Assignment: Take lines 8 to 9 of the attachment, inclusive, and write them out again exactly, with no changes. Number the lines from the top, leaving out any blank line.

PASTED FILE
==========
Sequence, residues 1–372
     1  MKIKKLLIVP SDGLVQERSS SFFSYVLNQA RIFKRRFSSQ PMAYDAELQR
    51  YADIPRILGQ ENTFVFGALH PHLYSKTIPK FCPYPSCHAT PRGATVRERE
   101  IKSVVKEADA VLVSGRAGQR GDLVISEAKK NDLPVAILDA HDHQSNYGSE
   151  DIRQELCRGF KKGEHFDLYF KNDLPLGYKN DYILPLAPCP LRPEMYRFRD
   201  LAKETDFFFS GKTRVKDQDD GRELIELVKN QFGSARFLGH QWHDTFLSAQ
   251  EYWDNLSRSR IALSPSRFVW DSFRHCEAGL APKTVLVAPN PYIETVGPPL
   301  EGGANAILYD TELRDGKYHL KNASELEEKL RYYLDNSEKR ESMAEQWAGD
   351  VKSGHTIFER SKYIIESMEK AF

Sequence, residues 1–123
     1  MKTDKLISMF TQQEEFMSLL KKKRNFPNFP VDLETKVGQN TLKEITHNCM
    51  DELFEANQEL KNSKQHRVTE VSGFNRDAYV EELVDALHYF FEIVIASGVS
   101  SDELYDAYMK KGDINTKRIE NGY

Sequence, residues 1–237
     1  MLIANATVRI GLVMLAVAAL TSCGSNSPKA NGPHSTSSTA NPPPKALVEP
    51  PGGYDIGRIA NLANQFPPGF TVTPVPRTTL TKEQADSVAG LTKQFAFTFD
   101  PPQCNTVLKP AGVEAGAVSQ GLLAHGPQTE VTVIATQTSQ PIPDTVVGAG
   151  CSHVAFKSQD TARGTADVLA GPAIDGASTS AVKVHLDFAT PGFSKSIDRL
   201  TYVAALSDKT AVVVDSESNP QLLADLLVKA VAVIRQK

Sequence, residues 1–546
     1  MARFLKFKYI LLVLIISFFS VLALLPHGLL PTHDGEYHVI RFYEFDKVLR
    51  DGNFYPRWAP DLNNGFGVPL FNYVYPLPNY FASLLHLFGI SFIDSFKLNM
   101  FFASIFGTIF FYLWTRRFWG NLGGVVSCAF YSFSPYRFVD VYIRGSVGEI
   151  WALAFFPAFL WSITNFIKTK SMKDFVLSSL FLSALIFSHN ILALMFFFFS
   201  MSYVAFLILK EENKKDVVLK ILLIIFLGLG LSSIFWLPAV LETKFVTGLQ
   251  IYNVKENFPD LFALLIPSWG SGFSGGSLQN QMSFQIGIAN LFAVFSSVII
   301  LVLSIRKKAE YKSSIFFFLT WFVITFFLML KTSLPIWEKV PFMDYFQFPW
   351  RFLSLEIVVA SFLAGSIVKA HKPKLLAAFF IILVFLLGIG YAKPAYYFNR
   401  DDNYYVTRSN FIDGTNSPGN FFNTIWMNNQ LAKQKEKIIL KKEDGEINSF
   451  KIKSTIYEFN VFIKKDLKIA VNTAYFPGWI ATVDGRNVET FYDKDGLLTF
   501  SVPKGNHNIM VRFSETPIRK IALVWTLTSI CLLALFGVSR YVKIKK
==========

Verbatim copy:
   301  EGGANAILYD TELRDGKYHL KNASELEEKL RYYLDNSEKR ESMAEQWAGD
   351  VKSGHTIFER SKYIIESMEK AF